The biggest diet fads of the decade, from high-fat keto to intermittent fasting – INSIDER

Not everyone has shied away from meat. From the paleo diet to a carnivore’s plan, many people were still packing animal protein into their eating regimes.

pork ribs butcher


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Pass the meats.

Paleo dieters subsist on meats, fish, fruits, vegetables, nuts, and seeds, while shying away from grains, sugar, dairy products, and anything processed. Paleo aficionados argue this diet is what our bodies are built for, and that modern farming has evolved faster than our guts.

Paleo dieters who fuel up on heavy doses of proteins like meat, however, put themselves at risk for vitamin D deficiency, and may not get enough calcium for their bones to stay healthy. There aren’t really any long-term clinical studies on the benefits or risks of the Paleo diet, either.

Besides, most Americans do just fine when it comes to protein intake.

You can calculate your own daily recommended protein dose with this USDA calculator, but for most people under age 65, protein intake isn’t anything to worry too much about.

For example, a serving of Greek yogurt along with 3 ounces of chicken is almost enough for one day. If you’re a vegetarian, a one cup scoopful of black beans is going to get you most of the way there.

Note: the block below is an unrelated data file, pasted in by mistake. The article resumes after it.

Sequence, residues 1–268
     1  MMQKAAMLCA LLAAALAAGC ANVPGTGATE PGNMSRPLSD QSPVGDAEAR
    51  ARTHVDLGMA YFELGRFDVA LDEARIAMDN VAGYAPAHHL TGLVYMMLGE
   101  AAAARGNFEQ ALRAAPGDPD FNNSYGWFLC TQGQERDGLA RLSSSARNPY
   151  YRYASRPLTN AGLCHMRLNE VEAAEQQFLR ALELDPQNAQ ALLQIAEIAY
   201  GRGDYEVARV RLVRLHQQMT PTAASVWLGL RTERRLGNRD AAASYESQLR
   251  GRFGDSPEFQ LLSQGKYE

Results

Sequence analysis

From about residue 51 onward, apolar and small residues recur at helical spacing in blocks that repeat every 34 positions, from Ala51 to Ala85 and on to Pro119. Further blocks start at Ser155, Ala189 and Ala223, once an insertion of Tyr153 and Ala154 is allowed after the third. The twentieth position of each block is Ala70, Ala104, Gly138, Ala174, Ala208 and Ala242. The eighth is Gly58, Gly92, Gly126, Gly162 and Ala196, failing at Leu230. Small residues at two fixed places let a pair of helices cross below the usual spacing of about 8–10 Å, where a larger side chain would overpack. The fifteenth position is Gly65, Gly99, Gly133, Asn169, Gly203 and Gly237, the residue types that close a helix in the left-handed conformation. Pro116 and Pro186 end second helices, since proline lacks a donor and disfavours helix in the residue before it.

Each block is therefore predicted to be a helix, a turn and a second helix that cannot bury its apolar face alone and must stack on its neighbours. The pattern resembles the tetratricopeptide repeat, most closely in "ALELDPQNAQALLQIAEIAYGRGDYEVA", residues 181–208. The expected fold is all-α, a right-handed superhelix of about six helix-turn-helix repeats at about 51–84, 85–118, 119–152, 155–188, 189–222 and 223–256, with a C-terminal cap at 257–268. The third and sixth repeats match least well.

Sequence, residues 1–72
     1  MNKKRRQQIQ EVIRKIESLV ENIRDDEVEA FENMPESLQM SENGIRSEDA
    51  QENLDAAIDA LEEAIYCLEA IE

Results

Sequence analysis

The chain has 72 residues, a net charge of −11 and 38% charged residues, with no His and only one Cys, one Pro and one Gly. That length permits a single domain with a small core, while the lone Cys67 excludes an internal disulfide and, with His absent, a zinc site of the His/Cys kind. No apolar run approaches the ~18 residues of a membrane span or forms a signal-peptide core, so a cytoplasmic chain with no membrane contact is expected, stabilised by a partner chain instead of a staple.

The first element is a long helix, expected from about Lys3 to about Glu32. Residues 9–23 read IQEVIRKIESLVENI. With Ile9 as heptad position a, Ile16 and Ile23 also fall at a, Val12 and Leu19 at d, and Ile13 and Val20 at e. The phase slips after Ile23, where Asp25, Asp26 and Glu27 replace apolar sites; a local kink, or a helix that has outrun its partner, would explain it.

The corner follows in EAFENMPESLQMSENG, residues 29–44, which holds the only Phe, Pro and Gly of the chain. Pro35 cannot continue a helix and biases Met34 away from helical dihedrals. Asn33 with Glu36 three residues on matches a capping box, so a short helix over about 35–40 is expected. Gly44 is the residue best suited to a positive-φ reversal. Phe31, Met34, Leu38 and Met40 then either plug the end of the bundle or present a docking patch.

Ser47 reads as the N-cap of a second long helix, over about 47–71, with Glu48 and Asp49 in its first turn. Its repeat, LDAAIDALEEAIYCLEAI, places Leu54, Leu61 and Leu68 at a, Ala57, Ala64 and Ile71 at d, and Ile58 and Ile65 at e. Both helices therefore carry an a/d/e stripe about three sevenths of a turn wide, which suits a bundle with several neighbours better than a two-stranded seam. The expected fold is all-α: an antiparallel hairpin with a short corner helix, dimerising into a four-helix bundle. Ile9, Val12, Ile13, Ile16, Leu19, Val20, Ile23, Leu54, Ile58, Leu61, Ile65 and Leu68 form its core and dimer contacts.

UC Davis Health dietitian Alex Nella encourages his patients who are excited about Paleo to make some modifications, adding beans, lentils, whole grains, and dairy to their plate.

Similar to Paleo fans, carnivore dieters suggest there might be something special and immune-boosting about subsisting on meats.

Nutritionists don’t think going fully carnivorous is a solid plan. There’s essentially no dietary fiber in the mix, and the diet is missing a lot of key nutrients we don’t get from animals, like the beneficial plant chemicals in fruits and vegetables that may help reduce cancer risk.

“In the absence of adequate fiber, the bacteria in the colon consume and thin the protective mucus lining, which then leads to impaired immune function and inflammation,” Christopher Gardner, a professor of medicine at Stanford University, told The Guardian

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